The 5 Habits of the Mind are these five questions that she’s constantly teaching those she works with older, younger or whatever to pursue. Without going into them, I’ll tell you that they are, how do we know what we know? That’s the first habit. Is there a pattern in asking that question? The third is some form of what-if question, which typically follows the exploration of your assumptions through how do we know what we know and the identification of patterns through the habit of. Is there a pattern?
How do we know what we know? Is there a pattern? What if? The fourth habit of the mind, is there another way? There’s always another way even if the way we know in this current job or the idea we’re in love with now is great at this moment, there’s always another way. The fifth habit of the mind is who cares?
The point I want to make about that is, the power of those questions is when they remain questions. Deb says that people always try to turn them into statements. Instead of how do we know what we know, it’s, “This is what we know.” Instead of is there a pattern it’s, “These are the patterns and how we’re pursuing things.” The power for not just young people as they go through different work environments and they evolved themselves, the power for everybody in the workforce is to keep that inquiry and those questions alive whether it’s the five habits or something else. We’re coming full circle here. We’re back to curiosity and question.
That was such a great tie-in to some of the things that I do, the training on the Curiosity Code Index that we deal with especially with assumptions that we make. That’s a great place for people to check that out. All that we talked about was so interesting, Larry, because it ties in well to so much that leaders are all looking for to talk about, adaptability. A lot of the things we hit on. This was such a great conversation. A lot of people are going to want to read your book, follow you and find out more. Is there anything you want to share before we end the show?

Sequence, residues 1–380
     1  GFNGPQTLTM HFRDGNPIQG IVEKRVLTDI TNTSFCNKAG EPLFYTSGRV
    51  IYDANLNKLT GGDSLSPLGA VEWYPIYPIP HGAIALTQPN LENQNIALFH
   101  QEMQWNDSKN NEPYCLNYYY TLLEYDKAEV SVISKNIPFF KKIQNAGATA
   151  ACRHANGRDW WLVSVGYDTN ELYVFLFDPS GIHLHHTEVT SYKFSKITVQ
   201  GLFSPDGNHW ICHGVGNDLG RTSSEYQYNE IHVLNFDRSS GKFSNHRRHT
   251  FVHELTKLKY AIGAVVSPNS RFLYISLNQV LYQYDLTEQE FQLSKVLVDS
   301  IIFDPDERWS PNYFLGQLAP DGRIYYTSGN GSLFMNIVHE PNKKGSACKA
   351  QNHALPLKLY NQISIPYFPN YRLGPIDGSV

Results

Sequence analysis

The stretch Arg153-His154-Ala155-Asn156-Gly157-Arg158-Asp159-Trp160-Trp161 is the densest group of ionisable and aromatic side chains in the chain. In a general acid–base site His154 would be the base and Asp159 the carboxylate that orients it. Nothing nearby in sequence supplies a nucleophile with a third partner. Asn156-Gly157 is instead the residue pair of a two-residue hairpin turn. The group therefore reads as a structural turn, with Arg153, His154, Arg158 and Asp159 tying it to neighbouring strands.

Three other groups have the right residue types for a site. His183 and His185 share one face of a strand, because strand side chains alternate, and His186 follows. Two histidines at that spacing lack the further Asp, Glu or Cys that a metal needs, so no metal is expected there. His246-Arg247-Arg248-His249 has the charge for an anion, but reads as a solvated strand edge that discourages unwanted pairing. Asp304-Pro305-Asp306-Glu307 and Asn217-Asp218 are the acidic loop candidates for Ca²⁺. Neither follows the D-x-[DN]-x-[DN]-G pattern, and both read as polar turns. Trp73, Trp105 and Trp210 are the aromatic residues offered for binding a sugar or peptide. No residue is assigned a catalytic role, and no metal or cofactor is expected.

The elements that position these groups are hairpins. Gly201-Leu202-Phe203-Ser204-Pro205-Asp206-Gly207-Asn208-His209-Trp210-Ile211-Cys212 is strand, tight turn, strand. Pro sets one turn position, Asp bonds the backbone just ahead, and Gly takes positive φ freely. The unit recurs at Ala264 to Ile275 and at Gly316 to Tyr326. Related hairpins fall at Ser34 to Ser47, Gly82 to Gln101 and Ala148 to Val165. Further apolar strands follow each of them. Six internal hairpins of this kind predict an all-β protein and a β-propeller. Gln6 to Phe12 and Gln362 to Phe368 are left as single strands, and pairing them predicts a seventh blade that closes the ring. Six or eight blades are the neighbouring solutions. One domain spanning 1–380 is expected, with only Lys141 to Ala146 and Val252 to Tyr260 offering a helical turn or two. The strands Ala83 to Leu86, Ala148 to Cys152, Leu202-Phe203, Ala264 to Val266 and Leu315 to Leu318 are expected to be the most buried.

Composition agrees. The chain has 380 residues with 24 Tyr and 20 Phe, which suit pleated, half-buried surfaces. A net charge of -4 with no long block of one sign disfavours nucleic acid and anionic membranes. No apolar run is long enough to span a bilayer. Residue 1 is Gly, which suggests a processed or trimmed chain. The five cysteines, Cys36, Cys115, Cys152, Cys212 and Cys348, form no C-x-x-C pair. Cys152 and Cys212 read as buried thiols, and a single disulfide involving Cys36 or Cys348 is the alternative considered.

I want to give a nod to you and to Maja too. Perception is a leadership skill and a leadership quality. It’s not one of those things we stop and think about when we think about what makes for a great leader. Your readers are going to find similar things when they read Rebel Leadership to say, “I can see how that could be important but I didn’t think of it as a core leadership skill.” Both books like The Power of Perception and Rebel Leadership are not just repeats of things that are out there. They’re leadership books and insight books for a different point in time. That’s the additional thing I would put out there.Today is not the rest of your life. Today is just one moment. Take in everything you can, continue to be curious, but don’t lock it down. Click To Tweet
Thank you, Larry. It’s nice of you to bring up our work and it all ties in well. I hope everybody checks out your website. Do you want to list your website one more time?
The best way to find me and to learn about everything I’m doing is at my main website, LRSpeaks.com.
That’s easy. I hope people take some time to check out your site. This was fun. Thank you so much for being on the show.